Deciphering the Insurance Puzzle – II (Universal Life, Disability, Critical Illness)
In the last article, I briefly went over CMHC, mortgage life and term life insurance, lets continue with other insurance options that are out there.
Universal/Whole Life Insurance
This insurance option, I’ll admit, I’m not a fan of. Although I don’t have direct experience with Universal or Whole Life insurance, I know that they are expensive. With both, the monthly premiums are significantly higher as the policy holder is paying for a term life portion plus an investment portion. While the investment portion can grow tax sheltered, the investment options are typically limited to money market or segregated funds with higher than average MERs. The policy for this type of insurance usually lasts for the life of the policy holder.
As I mentioned in the last article, you’re better off buying term insurance and investing the price difference. Here is a fairly opinionated article on the pitfalls of Universal Life Insurance.
While this one can be a bit expensive, it’s a must have in my opinion. In the case of an injury or illness that prevents the worker from doing his/her regular work duties, this insurance will pay monthly benefits to replace lost income. There are a few details of this insurance of which you can learn about them in our disability insurance article.
Essential insurances basically cover lost income. With term life, it covers income or debt balances in the case of death, but with disability, it protects the income stream if the worker is unable to function in the work place. A quick tip, some work places offer disability insurance, but note that if you leave the employer, the insurance typically does not follow. If you want reliable coverage, it may be best to go with a third party insurer.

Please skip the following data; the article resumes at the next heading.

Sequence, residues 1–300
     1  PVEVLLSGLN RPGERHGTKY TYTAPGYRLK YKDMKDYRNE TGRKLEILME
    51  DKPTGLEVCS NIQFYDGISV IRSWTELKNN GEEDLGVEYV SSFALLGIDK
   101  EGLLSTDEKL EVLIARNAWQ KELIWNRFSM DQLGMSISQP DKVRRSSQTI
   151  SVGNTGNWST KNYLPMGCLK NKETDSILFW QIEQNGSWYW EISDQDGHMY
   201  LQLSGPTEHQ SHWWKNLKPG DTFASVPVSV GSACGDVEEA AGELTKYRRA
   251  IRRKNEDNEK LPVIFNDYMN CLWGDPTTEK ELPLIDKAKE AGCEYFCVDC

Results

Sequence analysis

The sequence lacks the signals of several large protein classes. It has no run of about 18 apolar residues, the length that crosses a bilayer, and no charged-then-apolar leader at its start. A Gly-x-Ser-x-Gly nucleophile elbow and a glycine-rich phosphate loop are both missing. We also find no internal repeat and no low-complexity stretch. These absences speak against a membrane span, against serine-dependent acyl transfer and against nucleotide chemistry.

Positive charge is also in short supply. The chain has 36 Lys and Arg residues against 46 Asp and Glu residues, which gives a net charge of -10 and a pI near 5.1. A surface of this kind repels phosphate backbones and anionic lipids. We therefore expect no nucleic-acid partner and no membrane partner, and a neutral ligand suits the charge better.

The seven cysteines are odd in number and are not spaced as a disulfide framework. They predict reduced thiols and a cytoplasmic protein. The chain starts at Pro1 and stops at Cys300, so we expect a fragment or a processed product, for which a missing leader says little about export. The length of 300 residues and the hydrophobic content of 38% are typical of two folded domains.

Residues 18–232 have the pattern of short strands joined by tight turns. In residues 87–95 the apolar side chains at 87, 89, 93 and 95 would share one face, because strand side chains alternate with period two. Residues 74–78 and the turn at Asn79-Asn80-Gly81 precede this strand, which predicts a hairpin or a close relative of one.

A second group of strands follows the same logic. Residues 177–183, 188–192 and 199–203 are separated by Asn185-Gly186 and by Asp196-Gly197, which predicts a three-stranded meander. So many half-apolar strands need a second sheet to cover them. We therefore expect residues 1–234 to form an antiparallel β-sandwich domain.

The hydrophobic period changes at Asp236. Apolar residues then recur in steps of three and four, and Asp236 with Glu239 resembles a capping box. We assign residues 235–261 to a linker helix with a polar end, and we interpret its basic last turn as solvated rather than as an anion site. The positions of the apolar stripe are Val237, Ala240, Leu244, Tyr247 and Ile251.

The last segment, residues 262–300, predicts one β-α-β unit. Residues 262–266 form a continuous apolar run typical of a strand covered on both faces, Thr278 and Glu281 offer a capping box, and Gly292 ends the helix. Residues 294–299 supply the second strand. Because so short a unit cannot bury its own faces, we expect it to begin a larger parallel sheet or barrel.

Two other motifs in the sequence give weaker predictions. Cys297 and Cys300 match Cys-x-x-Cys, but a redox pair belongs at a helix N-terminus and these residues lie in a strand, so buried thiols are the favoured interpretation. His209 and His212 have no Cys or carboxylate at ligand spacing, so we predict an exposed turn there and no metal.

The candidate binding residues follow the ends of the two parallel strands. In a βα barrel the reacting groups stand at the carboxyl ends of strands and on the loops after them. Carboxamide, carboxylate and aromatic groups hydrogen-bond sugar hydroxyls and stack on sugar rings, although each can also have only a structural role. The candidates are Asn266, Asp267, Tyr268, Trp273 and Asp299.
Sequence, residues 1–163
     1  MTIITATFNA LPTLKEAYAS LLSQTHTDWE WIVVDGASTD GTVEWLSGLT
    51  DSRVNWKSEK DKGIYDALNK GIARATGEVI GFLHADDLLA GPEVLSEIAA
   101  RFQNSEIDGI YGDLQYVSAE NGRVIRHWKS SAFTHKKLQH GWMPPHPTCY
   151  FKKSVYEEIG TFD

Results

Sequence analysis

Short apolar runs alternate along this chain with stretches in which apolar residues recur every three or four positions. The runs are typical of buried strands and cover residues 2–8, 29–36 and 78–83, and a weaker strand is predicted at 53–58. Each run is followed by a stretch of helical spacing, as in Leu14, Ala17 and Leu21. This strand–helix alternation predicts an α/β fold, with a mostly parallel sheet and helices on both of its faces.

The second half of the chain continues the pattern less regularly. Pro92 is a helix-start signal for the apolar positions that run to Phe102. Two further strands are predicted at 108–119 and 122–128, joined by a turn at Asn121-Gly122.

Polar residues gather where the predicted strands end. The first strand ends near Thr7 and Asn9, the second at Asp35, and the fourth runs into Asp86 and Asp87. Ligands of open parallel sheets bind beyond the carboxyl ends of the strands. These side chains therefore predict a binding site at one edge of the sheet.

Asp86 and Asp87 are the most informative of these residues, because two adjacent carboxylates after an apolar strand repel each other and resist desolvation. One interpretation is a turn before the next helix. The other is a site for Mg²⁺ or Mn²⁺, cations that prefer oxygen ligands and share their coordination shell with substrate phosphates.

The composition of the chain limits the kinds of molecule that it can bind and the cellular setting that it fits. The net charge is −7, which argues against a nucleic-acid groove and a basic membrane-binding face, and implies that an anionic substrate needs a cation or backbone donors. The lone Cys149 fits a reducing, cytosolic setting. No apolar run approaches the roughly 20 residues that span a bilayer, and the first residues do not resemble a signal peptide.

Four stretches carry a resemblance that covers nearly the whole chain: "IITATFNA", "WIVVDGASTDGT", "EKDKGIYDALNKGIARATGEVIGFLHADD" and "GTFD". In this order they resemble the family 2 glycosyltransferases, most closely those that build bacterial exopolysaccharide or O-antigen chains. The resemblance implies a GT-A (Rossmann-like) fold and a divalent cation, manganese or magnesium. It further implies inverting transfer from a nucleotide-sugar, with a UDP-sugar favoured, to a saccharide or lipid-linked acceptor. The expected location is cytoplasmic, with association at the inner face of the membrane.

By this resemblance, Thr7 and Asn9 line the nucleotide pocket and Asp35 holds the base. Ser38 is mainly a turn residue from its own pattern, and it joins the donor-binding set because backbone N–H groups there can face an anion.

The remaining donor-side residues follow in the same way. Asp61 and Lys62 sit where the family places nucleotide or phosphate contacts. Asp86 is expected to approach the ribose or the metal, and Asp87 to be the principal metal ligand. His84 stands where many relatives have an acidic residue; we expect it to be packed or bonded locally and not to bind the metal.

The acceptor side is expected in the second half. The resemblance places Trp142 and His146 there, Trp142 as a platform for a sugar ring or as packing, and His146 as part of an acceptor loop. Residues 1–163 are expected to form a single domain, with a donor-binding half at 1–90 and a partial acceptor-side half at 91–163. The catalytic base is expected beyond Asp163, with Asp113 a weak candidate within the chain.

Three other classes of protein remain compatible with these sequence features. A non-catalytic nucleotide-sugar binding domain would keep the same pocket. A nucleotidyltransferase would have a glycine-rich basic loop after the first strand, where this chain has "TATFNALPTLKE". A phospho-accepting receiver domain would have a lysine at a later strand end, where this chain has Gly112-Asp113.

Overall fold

Critical Illness Insurance
This insurance pays out a lump sum in case on the listed critical illnesses occur. Some of the more common critical illnesses include:
heart attack, stroke, cancer coronary artery bypass surgery, multiple sclerosis, kidney failure, paralysis, blindness, deafness, rheumatoid arthritis, benign brain tumour, loss of limbs, major organ transplant (or on waiting list), Alzheimer’s disease, Parkinson’s disease, motor neuron disease (a.k.a. ALS or Lou Gehrig’s disease), coma, loss of speech, severe burns, occupational HIV infection, late onset insulin dependent diabetes, aortic surgery, heart valve replacement, loss of independence.
Critical illness insurance may be required for situations where the critical illness requires a large sum of money during the healing process. For example if the policy holder is paralyzed and requires modifications to their home and vehicle. Or a Cancer patient that requires expensive medication not covered by medical insurance. I personally do not have critical illness insurance, nor do I plan to as we typically have cash savings on hand. You read more details on critical illness insurance here.
Credit Card Balance Insurance
I do not like this one at all. This is the one where the credit card rep always tries to push on you when applying for a new credit card. The reason? It’s extremely profitable for the company! Credit card balance protection will cover the minimum payment of your balance should the card holder become ill, injured or faced with involuntary loss of employment.
For one, it’s expensive as they usually charge a fee per $100 in spending. In MBNA’s case, they charge $0.99 + tax per $100 in spending. If my average credit card bill is $2k/month, that’s $20 in premiums every month to cover slight chance of requiring insurance to pay the 3% minimum payment of $60. Sounds like a great deal for the credit card company – no thank you!
I thought I would throw this in there as the local electronics shop will always try to push this warranty/insurance with almost every purchase. Basically, if you pay the extra fee and the product breaks within the insured period, they will pick up the electronics and fix/replace it for you free of charge. I tend to avoid this insurance as the premiums are quite high and I usually use a credit card to extend the warranty without any extra fees! Curious? The MBNA Smart Cash, one of my favorite free credit cards, will extend the warranty for up to 1 year extra. While the Capital One Aspire Gold, also free, will extend the warranty up to two years extra.
The original reader email questioned about typical insurances offered and how to distinguish which are required. Insurance, in my opinion, is all about protecting your dependents. Besides the essentials of home/fire and auto insurance, out of the list, in my opinion, there are two insurances that are a MUST for every household with dependents - term life and disability insurance. One to protect family cash flow in the event of death, and the other to protect cash flow in the event of injury.
What do you think? What insurances do you consider essential?